The Tower of 7000 Days
I often find myself believing that painting is not possible in the aftermath of Marcel Duchamp, who developed readymadesin 1913. He declared everyday objects as art, breathing a new soul into them. How can one make art today, without falling behind such a noble ending to the history of the arts?
Let’s brush aside the objections that pictures are always at least decorative, and that empty walls of galleries and museums are emptier than full walls: How can one advocate that it is not possible to paint pictures in the wake of Duchamp, yet still credit the work of Linde Waber, whose pictures seem to prove that even a great deal of originality cannot move beyond the finality of Duchamp. One can!Because Linde Waber beats Duchamp in terms of sheer tenacity and persistence. This sounds absurd at first, but I will try to explain. 7000 everyday objects, declared to be art and exhibited in an appropriately large building, add up to little more than a warehouse. Nobody would care to view these objects the way you look at the paintings in the Leopold Museum, even though each of the paintings is less interesting than Duchamp’s urinal, which was baptized by the real urine of the artist Pierre Pinoncelli and later damaged by his hammer.
But 7000 drawings, exhibited in a House of Art, form a holistic work which dwarfs the urinal of Duchamp, even if there were 7000 of them lined up like in a ceramic factory. And I can only think of one artist – Linde Waber – who could provide these 7000 drawings in a consistent format: 35 cm by 35 cm on Japanese Washi paper. Soon, when word spreads that Linde has put together a “Tageszeichnung” every single day for 20 years, then the folks attending the anniversary celebration (to which I want to be invited, dear Linde) will start testing the limits of their mental arithmetic, and if they manage it, they’ll get to something like 7000. 7000 days have to be experienced, each fully and consciously, to fathom the scope of this work.
A single daily drawing, on its own, constitutes a throwback behind the provocation of Duchamp. But the idea to leave, each and every day for 20 years, an artistic footnote, a playful summation, an improvised documentation of a memorable moment – this idea towers over that pissant of a urinal, especially because it is being realized with such a bewildering array of possible and impossible techniques. I can only list a few here: egg tempera, pigmented ink, markers, coloured woodcuts, as well as collages of photos, invitations, recipes, postcards, letters, and admission tickets; anything that a waberine day brings is worked in, glued on, or painted over: cheerful moments, fears, annoyances, choices, words, encounters, eureka moments, encouragements, enrichments, travel adventures, project ideas, or miracles. Since I am privileged to cross Linde’s paths occasionally, there are also two, three “Tageszeichnungen” with my contribution, even if it is just my signature among many signatures of all the guests at a vernissage.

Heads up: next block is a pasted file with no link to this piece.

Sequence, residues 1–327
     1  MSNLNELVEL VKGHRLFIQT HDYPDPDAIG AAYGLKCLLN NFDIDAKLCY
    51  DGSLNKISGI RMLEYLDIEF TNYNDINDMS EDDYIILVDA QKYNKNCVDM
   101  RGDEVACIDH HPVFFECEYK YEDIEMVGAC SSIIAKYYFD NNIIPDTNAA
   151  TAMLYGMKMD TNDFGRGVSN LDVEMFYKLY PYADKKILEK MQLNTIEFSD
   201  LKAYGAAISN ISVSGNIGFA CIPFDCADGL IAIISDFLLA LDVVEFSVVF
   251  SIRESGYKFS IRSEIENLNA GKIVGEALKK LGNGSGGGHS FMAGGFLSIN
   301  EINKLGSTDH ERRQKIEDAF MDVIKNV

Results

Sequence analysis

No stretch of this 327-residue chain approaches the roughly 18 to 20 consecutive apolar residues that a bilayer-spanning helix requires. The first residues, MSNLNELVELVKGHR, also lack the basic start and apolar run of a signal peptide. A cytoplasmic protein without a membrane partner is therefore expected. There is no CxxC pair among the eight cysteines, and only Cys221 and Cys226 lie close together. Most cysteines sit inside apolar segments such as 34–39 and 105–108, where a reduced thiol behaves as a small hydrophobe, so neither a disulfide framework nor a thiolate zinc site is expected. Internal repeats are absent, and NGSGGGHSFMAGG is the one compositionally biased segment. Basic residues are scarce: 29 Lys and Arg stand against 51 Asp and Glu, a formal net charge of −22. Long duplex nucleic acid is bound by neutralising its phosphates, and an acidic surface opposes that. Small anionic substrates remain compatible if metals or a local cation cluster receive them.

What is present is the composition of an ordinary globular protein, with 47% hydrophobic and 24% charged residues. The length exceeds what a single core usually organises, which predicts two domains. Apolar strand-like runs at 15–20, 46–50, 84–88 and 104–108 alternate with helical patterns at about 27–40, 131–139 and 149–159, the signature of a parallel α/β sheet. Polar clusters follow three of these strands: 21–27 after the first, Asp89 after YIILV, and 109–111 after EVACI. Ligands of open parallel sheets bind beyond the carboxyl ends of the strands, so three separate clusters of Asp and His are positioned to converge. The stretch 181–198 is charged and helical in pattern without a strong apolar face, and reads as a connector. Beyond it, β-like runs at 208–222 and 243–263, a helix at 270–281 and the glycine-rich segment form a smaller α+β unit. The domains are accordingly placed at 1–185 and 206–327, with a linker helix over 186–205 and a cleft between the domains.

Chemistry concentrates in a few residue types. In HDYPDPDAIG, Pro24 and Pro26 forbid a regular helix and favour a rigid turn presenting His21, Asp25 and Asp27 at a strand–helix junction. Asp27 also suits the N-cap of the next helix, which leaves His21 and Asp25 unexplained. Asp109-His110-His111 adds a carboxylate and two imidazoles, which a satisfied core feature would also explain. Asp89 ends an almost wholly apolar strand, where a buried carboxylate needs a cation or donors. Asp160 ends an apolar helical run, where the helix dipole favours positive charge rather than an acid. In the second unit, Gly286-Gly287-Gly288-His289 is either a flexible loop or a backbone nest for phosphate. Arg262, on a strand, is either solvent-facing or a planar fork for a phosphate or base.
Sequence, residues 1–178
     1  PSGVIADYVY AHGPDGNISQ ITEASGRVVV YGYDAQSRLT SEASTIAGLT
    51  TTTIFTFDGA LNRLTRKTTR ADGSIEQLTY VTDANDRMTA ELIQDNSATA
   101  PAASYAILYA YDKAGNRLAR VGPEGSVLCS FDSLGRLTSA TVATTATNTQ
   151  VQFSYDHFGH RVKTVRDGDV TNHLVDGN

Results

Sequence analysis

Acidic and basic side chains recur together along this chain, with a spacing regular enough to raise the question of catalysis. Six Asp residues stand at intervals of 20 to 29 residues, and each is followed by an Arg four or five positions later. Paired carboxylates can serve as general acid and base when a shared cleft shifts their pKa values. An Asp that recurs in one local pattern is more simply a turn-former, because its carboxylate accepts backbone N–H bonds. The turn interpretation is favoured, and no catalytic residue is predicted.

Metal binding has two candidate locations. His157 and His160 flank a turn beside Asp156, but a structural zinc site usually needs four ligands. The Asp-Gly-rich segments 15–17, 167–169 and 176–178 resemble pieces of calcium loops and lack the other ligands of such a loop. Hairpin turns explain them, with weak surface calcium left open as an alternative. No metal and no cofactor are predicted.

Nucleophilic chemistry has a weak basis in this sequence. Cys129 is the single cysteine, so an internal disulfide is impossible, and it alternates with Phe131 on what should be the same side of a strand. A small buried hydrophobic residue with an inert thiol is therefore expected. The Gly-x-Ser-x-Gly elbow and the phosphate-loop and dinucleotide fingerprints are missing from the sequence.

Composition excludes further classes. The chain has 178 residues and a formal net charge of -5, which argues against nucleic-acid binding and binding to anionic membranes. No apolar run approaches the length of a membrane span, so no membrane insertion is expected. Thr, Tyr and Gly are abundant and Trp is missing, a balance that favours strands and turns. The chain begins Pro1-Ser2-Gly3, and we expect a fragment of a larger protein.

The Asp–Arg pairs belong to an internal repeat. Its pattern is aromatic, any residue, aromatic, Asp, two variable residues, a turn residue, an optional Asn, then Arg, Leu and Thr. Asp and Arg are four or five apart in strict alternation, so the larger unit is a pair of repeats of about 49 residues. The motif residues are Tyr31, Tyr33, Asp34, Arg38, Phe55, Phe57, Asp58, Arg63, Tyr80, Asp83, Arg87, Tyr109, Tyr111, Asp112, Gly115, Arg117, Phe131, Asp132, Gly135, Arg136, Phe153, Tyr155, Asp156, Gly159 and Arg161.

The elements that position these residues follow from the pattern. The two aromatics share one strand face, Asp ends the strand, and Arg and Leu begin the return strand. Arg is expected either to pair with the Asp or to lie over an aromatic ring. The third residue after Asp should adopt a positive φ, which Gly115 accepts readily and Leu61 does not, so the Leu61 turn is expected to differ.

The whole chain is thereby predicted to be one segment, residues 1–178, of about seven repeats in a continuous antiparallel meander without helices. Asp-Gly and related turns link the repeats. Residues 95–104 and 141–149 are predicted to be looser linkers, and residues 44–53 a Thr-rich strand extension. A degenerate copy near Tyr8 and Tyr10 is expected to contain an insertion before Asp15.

The artist once gave me a picture, I believe it was for my birthday. It shows the flak tower* in the Augarten park. She can see that tower from her apartment and studio. Because it apparently can’t be removed, it has to be given some civilian function – in addition to its service as a memorial against war and fascism. So, we don’t have to search any longer for the House of Art to take in the 7000 daily drawings of Linde Waber. The flak tower becomes the “Tower of 7000 Days”. And every day, at a given time, they’ll throw a toilet bowl off the observation platform of the tower. It will shatter onto a growing pile of ceramic shards, as a tourist attraction. When the bowl fragments, applause will rise up, and it will be loud enough for Linde to hear at her studio on Gaußplatz.
Footnotes (should be included in the book)
* The flak towers were large concrete air-defense installations built during World War II. Several of these remain in various parks throughout Vienna, and some have been converted for modern use (e.g. the “House of the Ocean”).
NOTES (not to be included in book!)
- Line 13 – “jedes einzelne von ihnen” We interpreted this as referring to the paintings in the Leopold, but it could also refer to the 7000 objects?
- “Tusche” is a type of pigmented ink, so we used that term in line 76.
- We couldn’t think of a fitting translation for “Weichenstellung”, so we used the non-poetic “choices”